UNC is no stranger to parking calamities. The combination of a confusing parking system, an unresponsive Transportation and Parking office and a proclivity to technical errors causes difficulties for students when they try to park on campus.
Starting this semester, all students living on campus or in the Chapel Hill area are required to test weekly for COVID-19 at one of three locations. There’s a choice of the Student Union, CURRENT ArtSpace + Studio or Rams Head Recreation Center, but the Student Union is arguably the most popular of the three testing locations.
Yet there are only 10 parking spaces in the Undergraduate Library Lot reserved for students who are testing. The lot itself is also quite narrow and was likely not designed to comfortably handle two-way traffic. If anything, reserving just a few spots on Stadium Drive — right across the street from the Undergraduate Library — for COVID-19 testing could reduce the frenzy of students all vying for the same 10 spots.
Still, the worst part of UNC Transportation and Parking might be that the system is not forgiving — even when you are paying for mistakes on their end.
Gabriela Robles, an out-of-state junior transfer, paid for a general parking lot pass upon arriving at UNC, but was unaware that the lot was off-campus. After requesting a parking pass closer to her dorm, it took the Transportation and Parking office a few weeks to approve it.
In the meantime, she had to pay $5 for a daily parking pass in order to keep her car on campus. By the time she received her delayed parking pass, she had spent over $50 on daily parking passes.
To add insult to injury, despite paying for a daily pass, Transportation and Parking continued to ticket her. Robles was forced to fight these $25 tickets, but “it was impossible to reach them, especially during COVID because of their limited hours,” she said.
Although she ultimately prevailed and was not charged the additional $25 per “violation,” it was frustrating because, on top of the stress of last semester, she had to continuously contact Transportation and Parking by both phone and email.
“The problem is that their phone hours are limited and email usually takes several days for a response, so I would try both outlets until someone finally responded back,” Gabriela said.
The lack of a timely and effective response from Transportation and Parking is a common denominator among most of the issues that students face when parking at UNC.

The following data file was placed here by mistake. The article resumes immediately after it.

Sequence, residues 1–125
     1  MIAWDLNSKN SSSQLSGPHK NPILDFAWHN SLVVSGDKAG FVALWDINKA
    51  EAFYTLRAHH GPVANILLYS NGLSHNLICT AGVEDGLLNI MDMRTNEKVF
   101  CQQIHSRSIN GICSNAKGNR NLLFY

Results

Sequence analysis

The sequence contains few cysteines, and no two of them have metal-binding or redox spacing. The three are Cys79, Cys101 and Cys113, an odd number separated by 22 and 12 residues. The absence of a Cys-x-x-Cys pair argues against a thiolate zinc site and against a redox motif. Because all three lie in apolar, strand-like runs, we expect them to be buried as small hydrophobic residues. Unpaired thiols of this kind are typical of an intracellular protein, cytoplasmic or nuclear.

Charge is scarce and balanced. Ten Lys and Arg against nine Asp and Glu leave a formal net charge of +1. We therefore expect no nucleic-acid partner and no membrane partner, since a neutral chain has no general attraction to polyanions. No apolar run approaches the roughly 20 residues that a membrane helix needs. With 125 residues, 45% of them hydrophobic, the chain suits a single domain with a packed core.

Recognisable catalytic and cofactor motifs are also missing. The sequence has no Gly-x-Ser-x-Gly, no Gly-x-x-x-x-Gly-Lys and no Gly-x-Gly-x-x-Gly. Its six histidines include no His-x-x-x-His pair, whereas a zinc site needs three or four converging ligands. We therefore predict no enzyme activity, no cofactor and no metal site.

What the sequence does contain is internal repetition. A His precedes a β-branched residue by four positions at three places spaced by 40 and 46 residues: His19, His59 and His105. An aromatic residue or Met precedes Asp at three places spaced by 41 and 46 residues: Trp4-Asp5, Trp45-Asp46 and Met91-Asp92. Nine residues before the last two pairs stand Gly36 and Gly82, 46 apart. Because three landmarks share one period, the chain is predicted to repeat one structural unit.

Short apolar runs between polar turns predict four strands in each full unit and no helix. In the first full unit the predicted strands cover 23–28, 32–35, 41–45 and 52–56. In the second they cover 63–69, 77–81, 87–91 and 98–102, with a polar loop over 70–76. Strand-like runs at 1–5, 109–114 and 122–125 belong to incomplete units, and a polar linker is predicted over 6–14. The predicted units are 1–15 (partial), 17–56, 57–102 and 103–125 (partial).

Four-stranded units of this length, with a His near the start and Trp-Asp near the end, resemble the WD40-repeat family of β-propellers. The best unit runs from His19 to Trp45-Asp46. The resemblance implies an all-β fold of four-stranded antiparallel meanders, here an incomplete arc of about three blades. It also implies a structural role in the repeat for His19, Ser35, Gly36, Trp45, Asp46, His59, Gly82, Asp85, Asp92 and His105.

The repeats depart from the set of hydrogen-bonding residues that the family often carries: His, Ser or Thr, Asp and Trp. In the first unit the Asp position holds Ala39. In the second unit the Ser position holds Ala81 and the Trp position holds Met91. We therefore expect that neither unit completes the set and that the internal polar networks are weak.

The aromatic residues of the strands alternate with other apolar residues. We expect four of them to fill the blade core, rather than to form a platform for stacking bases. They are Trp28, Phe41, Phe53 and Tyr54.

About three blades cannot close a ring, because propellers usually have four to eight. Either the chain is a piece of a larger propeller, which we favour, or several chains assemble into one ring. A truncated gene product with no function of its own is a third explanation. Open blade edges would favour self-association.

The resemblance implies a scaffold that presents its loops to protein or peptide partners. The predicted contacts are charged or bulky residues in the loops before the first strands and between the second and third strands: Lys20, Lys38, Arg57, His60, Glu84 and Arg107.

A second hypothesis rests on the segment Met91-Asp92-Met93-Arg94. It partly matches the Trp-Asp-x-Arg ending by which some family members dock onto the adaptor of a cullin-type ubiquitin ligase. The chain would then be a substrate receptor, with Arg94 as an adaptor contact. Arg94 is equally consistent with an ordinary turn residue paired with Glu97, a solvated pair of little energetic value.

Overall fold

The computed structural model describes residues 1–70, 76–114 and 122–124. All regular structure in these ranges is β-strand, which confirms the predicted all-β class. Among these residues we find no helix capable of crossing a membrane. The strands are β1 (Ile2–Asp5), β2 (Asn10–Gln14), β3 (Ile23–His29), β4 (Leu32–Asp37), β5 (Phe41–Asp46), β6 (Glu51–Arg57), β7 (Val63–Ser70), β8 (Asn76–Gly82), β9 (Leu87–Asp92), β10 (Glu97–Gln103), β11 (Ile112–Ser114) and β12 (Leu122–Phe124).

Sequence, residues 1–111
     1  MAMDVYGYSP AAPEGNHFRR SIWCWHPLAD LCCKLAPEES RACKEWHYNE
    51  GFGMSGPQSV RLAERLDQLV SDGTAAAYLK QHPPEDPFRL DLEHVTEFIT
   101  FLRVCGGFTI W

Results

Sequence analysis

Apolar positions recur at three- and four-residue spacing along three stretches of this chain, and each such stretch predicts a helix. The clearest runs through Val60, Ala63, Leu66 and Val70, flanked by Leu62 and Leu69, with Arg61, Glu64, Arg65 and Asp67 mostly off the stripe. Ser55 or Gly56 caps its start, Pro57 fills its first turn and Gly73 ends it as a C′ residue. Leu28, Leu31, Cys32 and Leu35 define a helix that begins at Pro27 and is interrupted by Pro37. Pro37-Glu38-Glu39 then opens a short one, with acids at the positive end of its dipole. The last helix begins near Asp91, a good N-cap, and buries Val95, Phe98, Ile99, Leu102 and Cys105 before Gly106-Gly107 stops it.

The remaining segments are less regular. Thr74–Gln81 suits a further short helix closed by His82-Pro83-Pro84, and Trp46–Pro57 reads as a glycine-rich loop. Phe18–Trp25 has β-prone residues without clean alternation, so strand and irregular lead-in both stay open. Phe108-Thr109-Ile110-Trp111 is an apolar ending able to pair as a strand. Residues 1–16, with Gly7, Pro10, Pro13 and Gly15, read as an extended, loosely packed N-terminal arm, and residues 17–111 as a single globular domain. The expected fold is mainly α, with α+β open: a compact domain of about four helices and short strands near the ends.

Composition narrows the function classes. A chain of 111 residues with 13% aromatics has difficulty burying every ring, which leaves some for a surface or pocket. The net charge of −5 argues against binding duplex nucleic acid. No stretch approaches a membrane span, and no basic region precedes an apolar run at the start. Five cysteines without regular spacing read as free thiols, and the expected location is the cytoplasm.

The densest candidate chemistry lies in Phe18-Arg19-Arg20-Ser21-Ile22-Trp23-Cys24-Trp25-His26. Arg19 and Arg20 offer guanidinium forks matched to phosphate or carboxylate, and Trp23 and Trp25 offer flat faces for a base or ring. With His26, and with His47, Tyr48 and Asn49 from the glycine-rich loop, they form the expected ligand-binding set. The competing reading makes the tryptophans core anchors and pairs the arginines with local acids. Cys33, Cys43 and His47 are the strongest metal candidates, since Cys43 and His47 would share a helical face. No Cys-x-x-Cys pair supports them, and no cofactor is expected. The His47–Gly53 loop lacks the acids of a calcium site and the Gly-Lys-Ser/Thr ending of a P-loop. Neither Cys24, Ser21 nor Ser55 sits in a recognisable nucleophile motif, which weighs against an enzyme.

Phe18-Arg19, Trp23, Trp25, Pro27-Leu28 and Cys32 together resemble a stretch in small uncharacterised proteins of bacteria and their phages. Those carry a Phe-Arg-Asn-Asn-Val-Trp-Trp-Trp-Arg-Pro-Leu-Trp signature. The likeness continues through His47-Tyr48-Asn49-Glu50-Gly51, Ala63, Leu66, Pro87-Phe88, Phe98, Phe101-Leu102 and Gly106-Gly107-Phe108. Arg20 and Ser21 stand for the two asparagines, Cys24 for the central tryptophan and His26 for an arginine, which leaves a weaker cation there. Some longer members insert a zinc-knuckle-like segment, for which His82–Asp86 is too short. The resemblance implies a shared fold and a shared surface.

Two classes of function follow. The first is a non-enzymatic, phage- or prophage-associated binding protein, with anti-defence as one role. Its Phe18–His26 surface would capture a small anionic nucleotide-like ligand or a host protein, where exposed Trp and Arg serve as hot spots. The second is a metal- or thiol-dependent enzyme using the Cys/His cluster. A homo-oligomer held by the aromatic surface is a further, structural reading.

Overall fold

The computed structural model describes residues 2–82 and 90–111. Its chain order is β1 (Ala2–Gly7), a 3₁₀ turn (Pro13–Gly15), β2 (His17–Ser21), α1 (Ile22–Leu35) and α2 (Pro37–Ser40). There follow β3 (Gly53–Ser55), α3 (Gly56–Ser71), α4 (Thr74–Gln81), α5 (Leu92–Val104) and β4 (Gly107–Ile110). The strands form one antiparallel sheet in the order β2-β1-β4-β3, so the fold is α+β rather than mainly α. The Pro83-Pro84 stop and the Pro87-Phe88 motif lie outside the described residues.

Unfortunately, even though the demand for parking on campus has decreased since the pandemic began, UNC is still unable to resolve parking issues in a satisfactory manner.
Ariayana Harrell is a sophomore who was able to obtain a valid parking pass. But upon entering the parking deck, the OneCard that was supposed to have her permit was not working. A campus police officer had to intervene in order for her to gain access into the parking deck.
Harrell is not the only student who had technical issues. Sophomore Jackie Ruiz worked at UNC Student Stores earlier this year and was also unable to enter Cobb Deck despite having a parking permit specifically for that deck. She tried contacting Transportation and Parking, and was directed to the One Card office.
“The One Card office said everything was fine with my card …(and) that they also had other people come in saying they couldn’t get into parking decks with their One Card either,” Ruiz said.
There are bugs in the system, which is standard for any system that utilizes technology. As students, we understand if there are sporadic issues here and there.
But it’s the lack of open communication from Transportation and Parking that makes the situation exasperating.
If UNC informed students ahead of time that people were experiencing trouble with their parking passes on their One Card, and told students to download the CBORD GET app that would allow them to open parking gates through their phone, it would have easily rectified a lot of issues.
It’s time for UNC Transportation and Parking to reevaluate its current policies and response organization to student issues. The real cherry on top, however, would be if UNC would finally implement more visitor parking spaces for on-campus testing.
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